Proper 1965 Power Booster pushrod adjustment from Ford Service manual - Vintage Mustang Forums
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Old 11-02-2004, 06:28 PM   #1 (permalink)
HoosierBuddy's Avatar
Join Date: Aug 2002
Location: Probably in the garage
Posts: 6,364

mmancuso13 posted yesterday that his power brakes were locking up and the pedal was staying stuck to the floor. I had the same issue many years ago on my '65. I dug the following information out for mmancuso13 from the 1965 Ford shop manual. Hopefully it will cure his brakes. I know it fixed mine.

I just wanted to make a post to the forum so it will be available on search from now on.

From 1965 Comet, Falcon, Fairlane, and Mustang Shop Manual

Part 2-1 General Brake Service

Power Brake Master Cylinder Push Rod Adjustment - Comet and Mustang

"The push rod is provided with an adjustment screw to maintain the correct relationship between the booster control valve plunger and the master cylinder piston. Failure to maintain this relationship will prevent the master cylinder piston from completely releasing hydraulic pressure and can cause the brakes to drag , or cause excessive brake pedal travel."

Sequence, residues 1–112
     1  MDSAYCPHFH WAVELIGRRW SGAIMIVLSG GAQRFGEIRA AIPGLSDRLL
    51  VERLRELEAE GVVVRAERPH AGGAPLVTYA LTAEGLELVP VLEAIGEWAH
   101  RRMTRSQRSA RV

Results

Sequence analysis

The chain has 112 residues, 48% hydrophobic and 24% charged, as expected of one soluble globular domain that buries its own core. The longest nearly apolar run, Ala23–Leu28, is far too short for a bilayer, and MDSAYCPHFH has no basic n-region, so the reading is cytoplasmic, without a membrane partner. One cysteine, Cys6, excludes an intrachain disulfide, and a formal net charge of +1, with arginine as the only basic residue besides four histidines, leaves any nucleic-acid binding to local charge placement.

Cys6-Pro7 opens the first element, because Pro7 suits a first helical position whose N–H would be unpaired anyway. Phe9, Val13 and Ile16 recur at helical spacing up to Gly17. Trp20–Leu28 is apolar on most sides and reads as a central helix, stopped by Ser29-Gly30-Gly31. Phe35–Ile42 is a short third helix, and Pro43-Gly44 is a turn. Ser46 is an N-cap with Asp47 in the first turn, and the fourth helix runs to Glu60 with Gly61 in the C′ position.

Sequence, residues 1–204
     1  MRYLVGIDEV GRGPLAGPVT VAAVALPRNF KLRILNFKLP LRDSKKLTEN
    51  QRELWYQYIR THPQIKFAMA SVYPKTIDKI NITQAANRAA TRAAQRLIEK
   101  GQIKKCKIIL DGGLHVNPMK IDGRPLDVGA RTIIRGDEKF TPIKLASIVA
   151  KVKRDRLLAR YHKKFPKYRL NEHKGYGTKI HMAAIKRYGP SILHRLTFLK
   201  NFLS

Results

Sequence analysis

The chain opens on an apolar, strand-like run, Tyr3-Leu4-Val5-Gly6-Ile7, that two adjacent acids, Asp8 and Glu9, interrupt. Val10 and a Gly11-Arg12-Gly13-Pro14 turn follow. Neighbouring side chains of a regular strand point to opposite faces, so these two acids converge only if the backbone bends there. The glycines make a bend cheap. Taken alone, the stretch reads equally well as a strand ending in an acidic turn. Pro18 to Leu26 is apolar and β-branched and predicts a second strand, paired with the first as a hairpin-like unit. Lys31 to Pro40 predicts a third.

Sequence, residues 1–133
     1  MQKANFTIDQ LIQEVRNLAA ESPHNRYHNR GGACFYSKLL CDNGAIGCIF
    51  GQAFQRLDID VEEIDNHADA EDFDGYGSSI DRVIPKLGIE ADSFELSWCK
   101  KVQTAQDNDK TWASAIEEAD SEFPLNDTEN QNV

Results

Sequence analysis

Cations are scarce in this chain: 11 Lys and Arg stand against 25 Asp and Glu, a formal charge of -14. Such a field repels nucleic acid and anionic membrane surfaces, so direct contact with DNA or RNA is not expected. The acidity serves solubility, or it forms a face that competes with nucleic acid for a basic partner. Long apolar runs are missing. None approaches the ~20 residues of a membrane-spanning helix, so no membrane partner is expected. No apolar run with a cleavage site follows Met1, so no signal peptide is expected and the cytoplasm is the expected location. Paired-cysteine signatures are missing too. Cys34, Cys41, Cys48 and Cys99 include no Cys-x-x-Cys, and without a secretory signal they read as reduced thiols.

The shop manual then goes on to describe a guage that can be fabricated to check this dimension. The gauge is to be made of 16 gauge sheetmetal. It is rectangular in shape with dimensions of 2 7/8" by 1 3/4". A 3/4" wide notch is centered on one of the long sides. The notch is to be 0.970" deep minimum to 0.985 inches deep maximum.

<----------------1 3/4"-----------------> By 2 7/8" tall

|xxxxxxxx| .970" - .985" by 3/4"

"To check the adjustment of the screw, fabricate a gauge of the dimension shown in Fig. 2. Then place the gauge against the master cylinder mounting surface of the booster body as shown in Fig. 3. The push rod screw should be adjusted so that the end of the screw just touches the inner edge of the slot in the gauge. Do not set up side forces on the push rod. Side forces may break the valve plunger.

This is an approximate adjustment only. The master cylinder piston should not move more than 0.015 inch as it contacts the push rod. No movement (exact contact) is ideal."

Figure 3 shows the gauge sitting against the booster with the master cylinder removed. The gauge sits flush on the housing at its highest points which are near the mounting studs for the master cylinder. The push rod fits into the 3/4" slot and the screw is adjusted out to just touch the gauge.

You could approximate this measurement by placing a straight edge across the booster face and then using depth gauge to measure out to the tip of the adjustment screw. Add the thickness of your straight edge to the measurement of the depth guage and compare that to 0.970" to 0.985"


"Two barks means faster!" Enzo
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